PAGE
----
This is a 1953 novel by an older writer (in her seventies) at the time of publication, and it shares a lot of the same kinds of interest and focus of some of the other writers emerging in the early 1950s like Elizabeth Taylor, Barbara Pym, and Muriel Spark, but with the clear air of someone older. It does not retain of the same stodginess (which I often love) of other writers elderly in the same era like Francis Compton-Burnett or Rebecca West.
This novel is narrated by Laurie, a woman in her late 20s or early 30s on a trip across Christendom with her elderly aunt Dot (modeled partially on Dorothy Sayers, friends of Rose Macauley) and an officious Anglican priest who is both annoying persistent in converting or reconverting Laurie and being ignorant and offensive toward the setting around him.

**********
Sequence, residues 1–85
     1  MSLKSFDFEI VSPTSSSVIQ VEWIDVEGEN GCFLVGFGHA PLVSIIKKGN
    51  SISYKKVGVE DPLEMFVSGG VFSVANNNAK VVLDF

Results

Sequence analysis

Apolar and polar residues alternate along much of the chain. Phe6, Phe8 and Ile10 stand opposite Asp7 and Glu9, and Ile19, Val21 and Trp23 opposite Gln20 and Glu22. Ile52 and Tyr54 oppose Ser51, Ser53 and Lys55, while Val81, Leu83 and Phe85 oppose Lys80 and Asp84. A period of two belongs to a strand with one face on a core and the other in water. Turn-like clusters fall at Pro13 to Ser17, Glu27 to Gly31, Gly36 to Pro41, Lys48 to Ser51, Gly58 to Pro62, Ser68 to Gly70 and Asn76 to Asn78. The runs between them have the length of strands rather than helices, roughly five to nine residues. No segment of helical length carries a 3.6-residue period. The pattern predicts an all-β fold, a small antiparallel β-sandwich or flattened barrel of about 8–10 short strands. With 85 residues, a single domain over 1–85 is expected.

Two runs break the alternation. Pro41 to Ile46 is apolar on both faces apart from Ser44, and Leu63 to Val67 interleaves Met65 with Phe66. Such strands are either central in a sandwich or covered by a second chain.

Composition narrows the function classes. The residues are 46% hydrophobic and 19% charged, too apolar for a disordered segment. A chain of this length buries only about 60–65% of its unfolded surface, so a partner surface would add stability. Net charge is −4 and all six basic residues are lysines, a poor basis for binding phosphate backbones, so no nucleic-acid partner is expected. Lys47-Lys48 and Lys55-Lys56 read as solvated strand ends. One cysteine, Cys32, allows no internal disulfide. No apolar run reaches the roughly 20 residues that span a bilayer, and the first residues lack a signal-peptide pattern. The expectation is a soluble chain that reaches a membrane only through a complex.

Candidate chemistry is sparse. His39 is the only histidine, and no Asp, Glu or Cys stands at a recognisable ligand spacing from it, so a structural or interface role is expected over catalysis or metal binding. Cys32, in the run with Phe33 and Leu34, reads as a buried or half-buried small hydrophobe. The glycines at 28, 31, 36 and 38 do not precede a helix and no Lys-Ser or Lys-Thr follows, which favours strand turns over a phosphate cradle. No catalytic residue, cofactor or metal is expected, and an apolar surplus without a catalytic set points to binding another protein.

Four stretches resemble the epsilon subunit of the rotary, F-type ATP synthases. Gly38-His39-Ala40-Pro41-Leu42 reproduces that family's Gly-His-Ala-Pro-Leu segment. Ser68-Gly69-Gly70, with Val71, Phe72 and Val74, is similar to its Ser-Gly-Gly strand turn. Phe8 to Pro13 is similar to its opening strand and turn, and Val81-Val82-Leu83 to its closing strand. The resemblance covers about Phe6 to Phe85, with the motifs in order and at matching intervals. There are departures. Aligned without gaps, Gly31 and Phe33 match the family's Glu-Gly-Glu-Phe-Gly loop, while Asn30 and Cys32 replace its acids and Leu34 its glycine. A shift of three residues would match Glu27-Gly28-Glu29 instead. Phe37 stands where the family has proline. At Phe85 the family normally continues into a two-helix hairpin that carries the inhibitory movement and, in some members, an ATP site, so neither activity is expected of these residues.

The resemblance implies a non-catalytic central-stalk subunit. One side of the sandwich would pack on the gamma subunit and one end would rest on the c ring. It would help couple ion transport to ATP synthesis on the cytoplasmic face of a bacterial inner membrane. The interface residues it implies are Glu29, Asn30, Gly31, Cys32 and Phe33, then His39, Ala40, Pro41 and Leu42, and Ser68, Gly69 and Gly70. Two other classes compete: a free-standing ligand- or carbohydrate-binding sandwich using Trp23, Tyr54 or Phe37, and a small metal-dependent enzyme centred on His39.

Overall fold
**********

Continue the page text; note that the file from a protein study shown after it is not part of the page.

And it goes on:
They travel through Palestine and Turkey and Jordan and think about going to Egypt. What comes through all of this novel is less so a reminder of the falling of the British empire, even though that is a large part of the book, but more so about the resetting of a land back to a condition previous to Empire. Meaning a return of things to some semblance of how they were, even though those things can’t be reset fully and with the added trappings of modernity. Sometimes the novel is really funny and sometimes it drags. I like the long conversations about religion but sometimes this book is so dry, it’s a fire hazard.